You’ve got investors lined up. Great! But how much is their help going to cost you, really?
By Ed PowersHead of Capital Access Funds, Bank of America
What’s the real cost of capital for your business? Do you know? Or just think you do? The concept of cost of capital comes straight out of Finance 101: When a business raises capital, how much does that capital cost? Business owners know with certainty the cost of their other expenses—they see them on their income statement, and they feel it when they pay their suppliers and vendors each month.
But capital is different. Small business owners don’t see it as the same kind of expense. Because it is fungible and usually gives the provider of capital some control of the company, it is harder for a business owner to understand its true price.
Cost of capital includes both its explicit financial price and how much control the owner gives up to raise it.
The first source of capital that goes into a company is usually is the entrepreneur’s own money. The owner puts his or her savings to work in the company, taking that capital from some other personal source, such as equity in their home, savings from a lifetime of work or family wealth, to invest it in a new venture.
When fully considered, the cost of that capital can be astronomically high. That capital could otherwise be invested in a diversified pool of other financial assets, used to pay down debt, or to finance a child’s education. The business owner presumes the return on the business will be greater than the returns of those three choices—the owner believes he or she will beat the stock market, earn more than they pay on credit cards or generate more wealth than investing in someone’s education. While high, it is a cost that a business owner won’t ever see on an income statement. The owner is also effectively saying the business opportunity is better than others—again, a high standard. On the other hand, the owner controls this capital and the company, making this the “friendliest” form of capital (and the most patient). There is no loss of control when you invest in yourself.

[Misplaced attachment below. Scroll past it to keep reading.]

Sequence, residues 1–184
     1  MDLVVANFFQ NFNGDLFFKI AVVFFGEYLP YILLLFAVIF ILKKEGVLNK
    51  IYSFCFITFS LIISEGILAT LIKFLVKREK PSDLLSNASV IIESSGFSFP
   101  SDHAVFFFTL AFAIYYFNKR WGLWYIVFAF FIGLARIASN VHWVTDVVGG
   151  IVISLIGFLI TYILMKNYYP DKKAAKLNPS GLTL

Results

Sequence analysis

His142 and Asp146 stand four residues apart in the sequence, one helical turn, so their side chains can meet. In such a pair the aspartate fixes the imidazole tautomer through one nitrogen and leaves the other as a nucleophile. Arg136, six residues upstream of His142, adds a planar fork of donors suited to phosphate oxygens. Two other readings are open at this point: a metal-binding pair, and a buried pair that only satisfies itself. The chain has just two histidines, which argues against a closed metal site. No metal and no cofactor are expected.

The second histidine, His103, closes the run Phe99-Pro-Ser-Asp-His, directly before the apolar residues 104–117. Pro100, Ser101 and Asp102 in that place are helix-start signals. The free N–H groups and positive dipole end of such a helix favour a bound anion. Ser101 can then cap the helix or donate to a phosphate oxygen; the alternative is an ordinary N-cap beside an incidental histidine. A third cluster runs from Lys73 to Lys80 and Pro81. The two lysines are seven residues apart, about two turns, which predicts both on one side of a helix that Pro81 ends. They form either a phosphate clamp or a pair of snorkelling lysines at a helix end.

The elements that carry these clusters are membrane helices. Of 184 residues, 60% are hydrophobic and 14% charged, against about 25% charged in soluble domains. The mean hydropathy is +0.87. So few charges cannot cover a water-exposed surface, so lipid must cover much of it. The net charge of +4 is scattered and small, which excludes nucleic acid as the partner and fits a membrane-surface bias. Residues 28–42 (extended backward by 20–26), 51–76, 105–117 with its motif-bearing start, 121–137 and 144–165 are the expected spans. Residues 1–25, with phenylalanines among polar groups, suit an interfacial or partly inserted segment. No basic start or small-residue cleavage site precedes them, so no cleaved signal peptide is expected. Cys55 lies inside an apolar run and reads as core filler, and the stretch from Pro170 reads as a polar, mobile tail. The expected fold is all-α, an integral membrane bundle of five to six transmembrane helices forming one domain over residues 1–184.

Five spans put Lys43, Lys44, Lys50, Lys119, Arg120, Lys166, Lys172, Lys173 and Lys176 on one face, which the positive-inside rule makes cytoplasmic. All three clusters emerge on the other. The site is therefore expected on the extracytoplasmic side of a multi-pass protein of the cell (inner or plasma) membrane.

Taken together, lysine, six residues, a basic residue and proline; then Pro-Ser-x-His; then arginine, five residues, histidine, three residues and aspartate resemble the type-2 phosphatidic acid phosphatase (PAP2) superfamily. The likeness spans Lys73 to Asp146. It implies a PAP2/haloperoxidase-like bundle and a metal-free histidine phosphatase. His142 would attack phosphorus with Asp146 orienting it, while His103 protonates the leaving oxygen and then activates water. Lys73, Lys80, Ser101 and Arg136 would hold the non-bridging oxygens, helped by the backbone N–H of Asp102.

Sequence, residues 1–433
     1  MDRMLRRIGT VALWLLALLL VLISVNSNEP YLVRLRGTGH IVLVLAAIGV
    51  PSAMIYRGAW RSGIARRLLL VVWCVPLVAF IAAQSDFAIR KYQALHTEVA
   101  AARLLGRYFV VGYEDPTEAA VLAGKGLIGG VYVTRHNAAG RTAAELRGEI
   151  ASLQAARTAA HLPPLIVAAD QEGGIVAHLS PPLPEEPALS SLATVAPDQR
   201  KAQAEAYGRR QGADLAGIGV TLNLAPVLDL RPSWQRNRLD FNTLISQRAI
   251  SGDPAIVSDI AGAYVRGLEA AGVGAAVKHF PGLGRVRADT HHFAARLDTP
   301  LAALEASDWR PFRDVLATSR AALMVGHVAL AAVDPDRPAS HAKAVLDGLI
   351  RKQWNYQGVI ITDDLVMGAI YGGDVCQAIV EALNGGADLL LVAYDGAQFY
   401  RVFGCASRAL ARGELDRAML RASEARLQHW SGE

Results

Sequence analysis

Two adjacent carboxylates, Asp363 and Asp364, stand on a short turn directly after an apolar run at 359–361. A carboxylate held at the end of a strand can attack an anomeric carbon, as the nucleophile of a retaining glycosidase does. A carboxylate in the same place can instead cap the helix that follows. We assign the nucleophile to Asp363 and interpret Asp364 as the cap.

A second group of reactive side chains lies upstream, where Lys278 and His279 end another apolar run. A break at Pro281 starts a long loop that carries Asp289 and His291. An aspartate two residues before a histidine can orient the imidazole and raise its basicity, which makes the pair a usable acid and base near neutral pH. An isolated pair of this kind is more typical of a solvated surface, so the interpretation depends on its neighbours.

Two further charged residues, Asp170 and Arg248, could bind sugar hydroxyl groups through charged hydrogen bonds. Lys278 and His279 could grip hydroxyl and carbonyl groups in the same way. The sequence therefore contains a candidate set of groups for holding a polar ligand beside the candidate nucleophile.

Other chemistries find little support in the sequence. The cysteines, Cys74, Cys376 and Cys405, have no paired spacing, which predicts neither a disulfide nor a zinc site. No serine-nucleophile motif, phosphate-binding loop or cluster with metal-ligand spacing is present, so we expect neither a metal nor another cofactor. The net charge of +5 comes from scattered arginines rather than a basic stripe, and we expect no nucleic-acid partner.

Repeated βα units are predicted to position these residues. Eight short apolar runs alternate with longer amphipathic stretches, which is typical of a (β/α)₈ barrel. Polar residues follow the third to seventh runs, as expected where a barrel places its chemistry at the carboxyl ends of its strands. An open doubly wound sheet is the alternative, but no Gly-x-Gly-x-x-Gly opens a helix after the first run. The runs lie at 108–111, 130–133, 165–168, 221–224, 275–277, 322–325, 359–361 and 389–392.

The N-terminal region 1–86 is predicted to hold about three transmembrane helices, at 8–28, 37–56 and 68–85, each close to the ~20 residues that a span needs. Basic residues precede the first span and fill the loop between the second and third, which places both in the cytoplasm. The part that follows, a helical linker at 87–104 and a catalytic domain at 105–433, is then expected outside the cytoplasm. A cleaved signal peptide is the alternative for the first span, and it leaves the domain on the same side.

The second source of capital is usually debt. Companies use debt because it is the most available, predictable and institutionally-offered source of capital (and it doesn’t hurt that it is effectively tax-deductible). After running through their own capital (and that of family and friends), a business owner often turns to debt to finance the cash flow of their company. Debt pricing varies with market conditions and availability. Its biggest cost advantage is that debt doesn’t require an entrepreneur to give up ownership in the company, unless the company is unable to repay the loan. Debt brings some rigor to the company’s financials, covenants, and requirements to repay. These costs may squelch some further growth, but do not dilute the owner’s ownership in the company. Future upside in the company all goes to the owner, once debt is repaid. And the cost of debt is easy to see—in interest and fees. A harder to value cost of debt is a personal guarantee—some lenders require the owner’s personal balance sheet to stand behind the company.
Next, small companies may turn to venture capital, growth capital and private equity. These forms of capital combine higher cost with more dilution and loss of control for the owner. This capital is flat-out expensive. The folks who offer it see each opportunity as a risk, so they use the cost of the capital to pay for that risk and combine it with control features to mitigate their risk. Private equity investors will also create a board of directors, forcing the owner to come to them to make big decisions about the company and sharing in the proceeds when the company is eventually sold. These investors also will likely set the manager-owner’s salary and set limits on how much cash a manager-owner can take out of the company.
So, how should you view cost of capital in your company?
- Your own: Take a step away from your company. Ask yourself if this is the highest best use of your own capital. Is there a higher-returning asset you could invest in? Would you invest in the exact same company if someone else were running it? What would you demand as a return from that company?
- Your debt: Shop for debt to make sure you are getting the best pricing and overall best terms. Consider the total cost of debt—if one provider offers a cheaper interest rate, are they also setting tighter covenants that may change how you run your business?
- Other people’s money: Consider the cost of having someone else participating in your decision-making. Look at the upside and downside scenarios for your company—what sort of return will the capital provider receive in each. Does that seem fair to you?
Don’t let the availability of capital, or the lack thereof, make you forget to consider its true cost. Whether capital comes from your own savings, a bank or an investor, it comes at a price.